Select the right welding system when joining rotationally molded parts.
Drader Injectiweld Inc.
Edmonton, Alberta Canada
Edited by Jean M. Hoffman
It's often to a designer's advantage to make a rotationally or rotomolded part as simple as possible, then customize it with additional fittings, baffles, flanges, and various attachments using a variety of welding operations. A specialized welding system called Injectiweld also seals and permanently repairs imperfections such as blow-bys and voids.
But not all plastics are weldable, including all thermosets. Welding thermoplastics is best done with a single-resin system. In other words, welded parts should be of the same material. Welds made with different plastics may have poor strength compared to part material. But there are a number of compatible resins systems that bond. They include:
• High-density polyethylene (HDPE) to linear low-density polyethylene (LLDPE).
• Acrylonitrile butadiene styrene (ABS) to polycarbonate (PC).
• Polyvinyl chloride (PVC) to ABS. Conversely, HDPE doesn't weld to either polypropylene (PP) or ultrahigh-molecularweight PE (UHMPE). And cross-linked materials, which are in some respects similar to thermoset plastics, don't easily weld to HDPE either.
Basic welding requirements
First, the welding area must be clean. Surface oxidation and other contaminants such as grease, dust, and damaged material all must be removed. Surface preparation can be as simple as scraping a thin layer off the area to be welded.
Second, no matter what kind of welding unit is in use there are always three parameters to consider for a quality weld:
Temperature. Each thermoplastic melts within a certain temperature range to its welding point. It is important to stay between the minimum and maximum weld temperature. Drifting outside this zone will result in poor weld quality.
Pressure. Applying force lets the plastic molecules mix. The best bonding occurs when there is a physical mixing of the plastics. Too low or too high pressure will reduce weld quality.
Time. Welded plastics need a certain time to heat up and cool down. If the plastic is heated too fast, the plastic won't melt properly. And actively cooling parts with air or water can cool parts too quickly, creating large stress concentrations inside the weld bead.
Selecting the right welding equipment can be a challenge. Getting a good handle on the types of material that will be welded, the work area available, and the kind of assembly needed is a good first step. However, there are many things to consider so it is prudent to work closely with a welding house in order to ensure "perfect" welds.
Electric socket is mostly used to weld polyethylene pipes together. Electric power heats a copper wire inside the socket. The plastic melts and expands. The pressure of the expansion joins the pieces together.
Ultrasonic welding uses an acoustic tool to transfer vibrational energy through the plastic parts to the weld area. Friction generates heat which melts the plastic. Welding occurs as the plastic solidifies under pressure once the vibration stops.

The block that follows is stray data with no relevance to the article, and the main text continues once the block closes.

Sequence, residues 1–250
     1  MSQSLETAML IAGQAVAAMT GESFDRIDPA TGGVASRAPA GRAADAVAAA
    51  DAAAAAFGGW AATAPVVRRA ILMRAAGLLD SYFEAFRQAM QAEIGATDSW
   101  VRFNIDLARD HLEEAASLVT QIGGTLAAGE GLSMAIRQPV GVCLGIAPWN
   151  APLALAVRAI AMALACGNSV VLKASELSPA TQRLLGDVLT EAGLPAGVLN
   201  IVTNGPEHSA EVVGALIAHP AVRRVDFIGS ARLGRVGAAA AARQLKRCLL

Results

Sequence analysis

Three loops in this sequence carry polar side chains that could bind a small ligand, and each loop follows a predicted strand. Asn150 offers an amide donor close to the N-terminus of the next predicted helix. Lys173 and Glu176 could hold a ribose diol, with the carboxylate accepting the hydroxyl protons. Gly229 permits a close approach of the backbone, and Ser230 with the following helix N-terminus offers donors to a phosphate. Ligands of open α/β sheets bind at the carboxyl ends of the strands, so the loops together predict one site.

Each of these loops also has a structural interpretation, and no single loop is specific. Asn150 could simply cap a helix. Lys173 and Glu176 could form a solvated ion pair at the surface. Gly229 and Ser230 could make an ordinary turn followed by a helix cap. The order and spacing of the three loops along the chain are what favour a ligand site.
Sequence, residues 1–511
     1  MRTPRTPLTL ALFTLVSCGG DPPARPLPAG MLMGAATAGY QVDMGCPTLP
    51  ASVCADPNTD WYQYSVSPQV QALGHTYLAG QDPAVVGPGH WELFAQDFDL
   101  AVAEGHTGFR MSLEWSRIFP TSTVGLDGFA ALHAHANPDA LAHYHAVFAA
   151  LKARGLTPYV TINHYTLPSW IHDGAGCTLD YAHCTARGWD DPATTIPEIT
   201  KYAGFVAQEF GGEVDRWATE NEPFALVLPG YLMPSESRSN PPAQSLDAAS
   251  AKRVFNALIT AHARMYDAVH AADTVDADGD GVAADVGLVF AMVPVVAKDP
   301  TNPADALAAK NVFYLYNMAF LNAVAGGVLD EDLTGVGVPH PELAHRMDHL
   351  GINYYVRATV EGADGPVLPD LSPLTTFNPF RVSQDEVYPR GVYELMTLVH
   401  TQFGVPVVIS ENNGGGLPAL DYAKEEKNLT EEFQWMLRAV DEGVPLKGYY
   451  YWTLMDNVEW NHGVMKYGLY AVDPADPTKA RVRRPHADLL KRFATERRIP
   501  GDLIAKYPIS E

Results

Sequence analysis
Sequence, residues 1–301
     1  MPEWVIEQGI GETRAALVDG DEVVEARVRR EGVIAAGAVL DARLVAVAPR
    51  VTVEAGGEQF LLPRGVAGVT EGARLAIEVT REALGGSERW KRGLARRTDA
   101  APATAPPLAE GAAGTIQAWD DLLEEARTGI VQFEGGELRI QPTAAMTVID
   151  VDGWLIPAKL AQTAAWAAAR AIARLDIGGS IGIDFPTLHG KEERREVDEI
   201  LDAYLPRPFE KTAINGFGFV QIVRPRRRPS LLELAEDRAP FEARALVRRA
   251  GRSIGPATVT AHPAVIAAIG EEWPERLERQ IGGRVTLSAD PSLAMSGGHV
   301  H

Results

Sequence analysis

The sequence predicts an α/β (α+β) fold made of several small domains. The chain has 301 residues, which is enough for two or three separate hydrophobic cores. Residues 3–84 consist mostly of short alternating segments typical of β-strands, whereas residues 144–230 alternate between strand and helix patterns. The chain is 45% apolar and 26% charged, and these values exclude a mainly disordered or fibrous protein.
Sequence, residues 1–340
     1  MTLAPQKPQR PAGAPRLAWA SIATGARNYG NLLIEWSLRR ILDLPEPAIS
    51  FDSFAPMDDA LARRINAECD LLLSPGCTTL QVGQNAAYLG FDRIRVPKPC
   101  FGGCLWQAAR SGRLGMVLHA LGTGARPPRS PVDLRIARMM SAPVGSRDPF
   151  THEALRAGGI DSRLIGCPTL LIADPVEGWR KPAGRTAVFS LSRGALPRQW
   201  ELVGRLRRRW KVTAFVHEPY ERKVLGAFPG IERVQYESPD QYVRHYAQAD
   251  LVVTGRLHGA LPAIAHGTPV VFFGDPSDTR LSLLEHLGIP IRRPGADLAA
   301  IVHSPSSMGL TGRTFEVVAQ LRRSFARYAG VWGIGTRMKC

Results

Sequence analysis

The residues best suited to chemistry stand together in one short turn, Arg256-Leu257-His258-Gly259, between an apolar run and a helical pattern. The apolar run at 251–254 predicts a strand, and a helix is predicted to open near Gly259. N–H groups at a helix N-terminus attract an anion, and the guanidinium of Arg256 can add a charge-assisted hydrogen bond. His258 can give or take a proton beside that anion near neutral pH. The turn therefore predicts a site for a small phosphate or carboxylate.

High-frequency (HF) welding is similar to ultrasonic welding except that HF welds are continuous instead of stamped. HF welders are typically used for joining thinner materials.
Hot-plate welding joins parts with the same shape. During the process, the two joint surfaces are held against a hot plate long enough to heat and soften. After removal from the plate, the parts are joined under pressure until the weldline solidifies.
Spin welding uses frictional heat generated from rapidly spinning round parts against a stationary mate. Friction melts the surfaces as pressure is applied. Rotation stops and the parts weld together when cool.
Hot-air/hot-gas welding consists of first beveling the edges of the two parts to be joined then bringing the two edges together forming a groove into which a hot bead of thermoplastic is placed. The hot air or gas preheats the surfaces and melts the welding rod. The parts are held under pressure as the bead solidifies. However, oxidization on plastic surfaces can weaken welds. Nitrogen may replace hot air to reduce oxidation. This process is a relatively inexpensive way to join plastics, but resulting bonds may be inconsistent and relatively weak.
Extrusion welding is similar to hot-gas welding except that a hot-melt extruder applies a molten thermoplastic bead into the groove area. The extrusion welder's screw or auger mechanism moves either rods or pellets through a barrel. Inside the barrel, the plastic mixes, compresses, and melts. The auger pushes the melted plastic out of the welder creating the weld bead. Extrusion welders preheat the weld area with hot air or gas.
Injection-welding systems use a heated tip and injection pressure to form welds. The hot (interchangeable) tip melts the surface of the plastic and creates a weld zone into which molten plastic is injected. There is an actual physical mixing of the weld bead and the plastic. Injection welding is said to produce the strongest welds in this group. Because the tip cleans the plastic surface prior to welding, preparation is unnecessary unless there's heavy contamination.